Thus, at present, Section 377 stands decriminalized no person can be penalized under this section based on their sexual orientation.

Karnataka Civil Services (General Recruitment) Rules, 1977 (2021 Amendment)

The amendment in the year 2021 added sub-rule (1D) to Rule 9 of the original Rules, 1977. Providing 1% reservation for transgender persons in civil services posts filled through direct recruitment. These reservations are 1% in each category of posts: General Merit, Scheduled Castes, Scheduled Tribes and in each category among Other Backward Classes.

This reservation applies to posts from any Group (A, B, C or D). This amendment required the addition of the ‘others’ category beside the male and female genders. It also prohibits discrimination by the Appointing Authority against transgender persons in selection.

This Amendment has made Karnataka the first State to provide Horizontal reservations to trans people in public employment. Horizontal reservations mean that reservations will be ensured across all caste categories and one group would not dominate reservations for transgender persons, unlike vertical reservations.

Though this amendment did have a considerable amount of loopholes it was the first amendment done in favour of trans people, thus it was a step taken in the right direction.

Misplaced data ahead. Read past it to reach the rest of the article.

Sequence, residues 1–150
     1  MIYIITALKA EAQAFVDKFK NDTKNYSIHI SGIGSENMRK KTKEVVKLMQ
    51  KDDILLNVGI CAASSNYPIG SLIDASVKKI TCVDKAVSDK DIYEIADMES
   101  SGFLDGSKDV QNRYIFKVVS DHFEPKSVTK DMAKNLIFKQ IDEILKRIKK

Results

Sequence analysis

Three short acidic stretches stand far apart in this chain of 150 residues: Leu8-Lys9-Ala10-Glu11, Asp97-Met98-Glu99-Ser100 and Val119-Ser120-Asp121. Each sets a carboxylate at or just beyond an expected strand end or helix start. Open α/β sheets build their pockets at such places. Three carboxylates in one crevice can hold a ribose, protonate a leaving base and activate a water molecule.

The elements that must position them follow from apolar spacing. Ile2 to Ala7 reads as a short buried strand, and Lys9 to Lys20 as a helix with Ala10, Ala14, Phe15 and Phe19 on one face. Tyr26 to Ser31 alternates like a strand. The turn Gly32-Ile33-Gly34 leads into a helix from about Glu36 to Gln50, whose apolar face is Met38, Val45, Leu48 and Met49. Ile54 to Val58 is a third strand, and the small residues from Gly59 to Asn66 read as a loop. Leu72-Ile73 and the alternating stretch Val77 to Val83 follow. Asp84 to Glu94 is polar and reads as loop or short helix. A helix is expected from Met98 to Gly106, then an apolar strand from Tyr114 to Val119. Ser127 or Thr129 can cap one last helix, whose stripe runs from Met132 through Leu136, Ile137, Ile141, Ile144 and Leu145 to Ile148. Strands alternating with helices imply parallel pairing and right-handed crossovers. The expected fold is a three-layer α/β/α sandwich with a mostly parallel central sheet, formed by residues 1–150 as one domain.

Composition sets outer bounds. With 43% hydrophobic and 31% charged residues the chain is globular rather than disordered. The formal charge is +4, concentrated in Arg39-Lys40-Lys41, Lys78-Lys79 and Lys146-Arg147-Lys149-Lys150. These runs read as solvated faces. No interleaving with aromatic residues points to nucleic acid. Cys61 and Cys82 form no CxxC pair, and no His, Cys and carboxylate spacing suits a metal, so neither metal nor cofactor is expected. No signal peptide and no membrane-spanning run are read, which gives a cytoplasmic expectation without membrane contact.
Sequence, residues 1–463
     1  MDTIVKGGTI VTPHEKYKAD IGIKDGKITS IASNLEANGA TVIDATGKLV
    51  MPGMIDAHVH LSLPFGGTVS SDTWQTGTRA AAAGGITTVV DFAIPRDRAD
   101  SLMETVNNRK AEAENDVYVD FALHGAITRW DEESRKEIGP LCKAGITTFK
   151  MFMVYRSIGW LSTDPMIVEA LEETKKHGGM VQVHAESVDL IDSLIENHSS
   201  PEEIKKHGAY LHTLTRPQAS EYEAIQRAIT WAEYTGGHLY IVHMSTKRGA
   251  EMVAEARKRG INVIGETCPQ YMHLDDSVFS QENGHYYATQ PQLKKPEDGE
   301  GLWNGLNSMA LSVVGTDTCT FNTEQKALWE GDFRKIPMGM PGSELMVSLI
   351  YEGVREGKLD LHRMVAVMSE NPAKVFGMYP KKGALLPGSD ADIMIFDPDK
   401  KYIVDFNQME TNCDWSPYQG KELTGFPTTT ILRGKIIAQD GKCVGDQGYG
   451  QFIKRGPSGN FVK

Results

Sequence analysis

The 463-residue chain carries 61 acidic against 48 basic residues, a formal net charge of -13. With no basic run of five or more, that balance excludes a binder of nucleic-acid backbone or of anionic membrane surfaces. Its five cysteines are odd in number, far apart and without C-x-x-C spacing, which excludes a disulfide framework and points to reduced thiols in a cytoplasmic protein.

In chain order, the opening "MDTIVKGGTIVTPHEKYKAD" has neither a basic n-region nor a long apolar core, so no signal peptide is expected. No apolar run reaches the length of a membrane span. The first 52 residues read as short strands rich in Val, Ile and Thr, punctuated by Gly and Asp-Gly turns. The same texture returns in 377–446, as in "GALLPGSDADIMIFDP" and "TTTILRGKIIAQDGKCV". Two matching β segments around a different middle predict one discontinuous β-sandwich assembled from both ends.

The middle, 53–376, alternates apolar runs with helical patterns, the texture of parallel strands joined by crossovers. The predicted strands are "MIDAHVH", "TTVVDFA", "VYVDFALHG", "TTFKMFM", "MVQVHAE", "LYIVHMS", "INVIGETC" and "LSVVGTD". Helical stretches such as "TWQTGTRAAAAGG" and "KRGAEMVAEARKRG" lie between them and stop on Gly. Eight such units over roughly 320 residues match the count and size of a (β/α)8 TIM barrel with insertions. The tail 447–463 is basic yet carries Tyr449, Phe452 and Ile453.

The loopholes being it did not provide for relaxations in age, fees, cut-off marks and other standards as it is done normally for other reserved categories.

The case of NALSA vs Union of India

This judgment for the first time recognized trans people as a separate gender category ‘third gender’ category. This case affirmed  the rights of trans people by stating the basic rights given under the Constitution are to be equally applicable to all trans people.

It also gave them a right to gender identity that is apart from male or female by letting them choose their sex in the third gender category. It concluded that non-recognition of their gender identity violates Articles 14,15,16, 19 and 21 of the Constitution of India.

Furthermore, it was supposed to be a progressive judgment that will lead to further actions in the favour of the trans community. But it was not noticed thereafter as trans bill 2019 took its place.

The Transgender Persons (Protection of Rights) Bill, 2019

The Trans Bill was a setback from the landmark judgment of NALSA vs Union of India. This bill did prohibit discrimination against transgender persons concerning things like education, employment and the ability to rent or buy property. It also gave transgender persons a ‘right to self-perceived identity’ but there was a very big disadvantage of this bill. 

It required trans people to register with the government if they want to be officially recognized as ‘transgender’. Meaning that if a trans person identifies as a trans man or trans woman, and they want to be legally recognized as such. Then they have to submit proof of gender confirmation surgery to the government.

After this bill was passed, trans activist Grace Banu described it as a ‘murder of gender justice’. This bill received nationwide outrage from all the activists of the trans community as it failed to provide equal rights. Showcasing a certificate to garner rights to live itself is an abrogative of the right to personal liberty under the Constitution.